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I am aware that if there is a bifurcating tree with N leaves, then there are (N-1) internal nodes (branching points) with a single root node. How is this relationship proved?

Best,

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2 Answers 2

I think the easiest way it to regard this a knock-out competition with $n$ teams, each inner node is a match, and there is one winner. So there are $n-1$ teams to knock out and so $n-1$ nodes.

Or you could do it by induction noting that replacing a pair of leaves and an inner node by a leaf reduces the number of inner nodes and leaves by 1, and that if there is only one leaf then there is no inner node.

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I did it myself –  Vass Feb 20 '11 at 23:00
up vote 1 down vote accepted

I did it myself, the base case

n1 is n=2 2-1=1, 

n2 is n=3 3-1=2. 

n(k) is n=k k-1=k-1; n

n(k+1) is n=k+1 (k+1)-1=(k-1)+1=n(k)+1

Since the k+1 step relies and follows from the k step the base case can be reached.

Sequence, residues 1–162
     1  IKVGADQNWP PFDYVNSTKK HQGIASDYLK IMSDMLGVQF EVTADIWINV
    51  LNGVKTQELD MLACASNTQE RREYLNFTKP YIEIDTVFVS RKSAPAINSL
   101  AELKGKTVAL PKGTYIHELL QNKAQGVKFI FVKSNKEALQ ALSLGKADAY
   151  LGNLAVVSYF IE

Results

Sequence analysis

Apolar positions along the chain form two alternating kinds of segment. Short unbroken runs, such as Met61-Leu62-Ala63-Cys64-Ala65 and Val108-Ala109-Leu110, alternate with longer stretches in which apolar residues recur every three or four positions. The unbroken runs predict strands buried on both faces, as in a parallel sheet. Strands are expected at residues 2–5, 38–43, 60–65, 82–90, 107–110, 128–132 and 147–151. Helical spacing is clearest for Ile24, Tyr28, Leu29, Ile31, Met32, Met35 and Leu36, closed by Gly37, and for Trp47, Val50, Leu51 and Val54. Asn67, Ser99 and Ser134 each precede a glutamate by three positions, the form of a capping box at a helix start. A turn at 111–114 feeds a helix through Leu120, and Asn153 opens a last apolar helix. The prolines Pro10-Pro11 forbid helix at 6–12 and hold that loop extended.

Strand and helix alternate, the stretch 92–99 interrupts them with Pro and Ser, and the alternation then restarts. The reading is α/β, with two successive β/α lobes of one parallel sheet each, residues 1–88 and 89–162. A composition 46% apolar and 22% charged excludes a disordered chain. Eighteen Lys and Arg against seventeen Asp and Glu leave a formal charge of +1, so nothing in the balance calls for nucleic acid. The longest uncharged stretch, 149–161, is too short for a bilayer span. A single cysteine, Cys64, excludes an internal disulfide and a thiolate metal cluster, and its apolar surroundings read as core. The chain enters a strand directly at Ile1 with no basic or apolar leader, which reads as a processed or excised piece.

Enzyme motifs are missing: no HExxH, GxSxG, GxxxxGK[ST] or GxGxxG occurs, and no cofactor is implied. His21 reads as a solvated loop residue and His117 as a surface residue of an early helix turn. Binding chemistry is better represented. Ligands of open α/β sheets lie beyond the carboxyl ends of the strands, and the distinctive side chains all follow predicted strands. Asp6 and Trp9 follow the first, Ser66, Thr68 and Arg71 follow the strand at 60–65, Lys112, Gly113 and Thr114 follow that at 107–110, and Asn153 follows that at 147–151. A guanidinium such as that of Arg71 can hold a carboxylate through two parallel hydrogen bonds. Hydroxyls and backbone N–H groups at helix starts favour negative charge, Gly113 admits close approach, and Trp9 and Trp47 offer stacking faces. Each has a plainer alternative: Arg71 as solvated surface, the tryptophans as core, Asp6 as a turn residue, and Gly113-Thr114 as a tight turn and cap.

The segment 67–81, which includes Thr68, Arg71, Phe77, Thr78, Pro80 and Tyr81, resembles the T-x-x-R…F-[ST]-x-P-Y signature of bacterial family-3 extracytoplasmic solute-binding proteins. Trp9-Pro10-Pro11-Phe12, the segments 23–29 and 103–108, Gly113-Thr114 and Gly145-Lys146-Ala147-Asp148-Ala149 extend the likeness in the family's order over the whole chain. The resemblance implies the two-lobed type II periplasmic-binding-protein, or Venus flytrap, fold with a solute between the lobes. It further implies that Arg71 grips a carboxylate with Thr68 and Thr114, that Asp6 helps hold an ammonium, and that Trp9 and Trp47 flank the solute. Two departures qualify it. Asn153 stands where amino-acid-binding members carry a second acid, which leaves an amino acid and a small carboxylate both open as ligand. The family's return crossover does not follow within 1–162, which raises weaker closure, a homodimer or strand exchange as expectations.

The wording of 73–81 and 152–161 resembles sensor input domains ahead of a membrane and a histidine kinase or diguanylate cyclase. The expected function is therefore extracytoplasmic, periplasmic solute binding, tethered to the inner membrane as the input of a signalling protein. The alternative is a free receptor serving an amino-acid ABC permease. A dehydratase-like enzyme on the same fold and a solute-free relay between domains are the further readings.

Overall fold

best,

based on a comment below (by Steven Stadnicki), some insigt into the process the induction is based upon is needed to make this complete which is correct. The process is that with the basic tree n1, to add another internal node, a leaf node is replaced by an internal node (-1) and has then two leaves attached to the new internal node (+2) for a total of (+1) from the alteration of adding another internal node. So the addition of an internal node and leaf node is 1 to 1, but the initial offset with there being 1 internal to 2 leaf nodes remains. Therefore we can easily see how the individual induction steps work and n-1 is the relationship that hold.>>>>

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I have to say that if this were presented to me I'd give it an 'Incomplete' - you don't say anything about what your inductive argument is, just give the formula for n and for n+1 and say 'the k+1 follows from the k step' but you've said nothing about how this relates to the problem at all. Can you flesh that argument out at all? –  Steven Stadnicki Feb 21 '11 at 7:32

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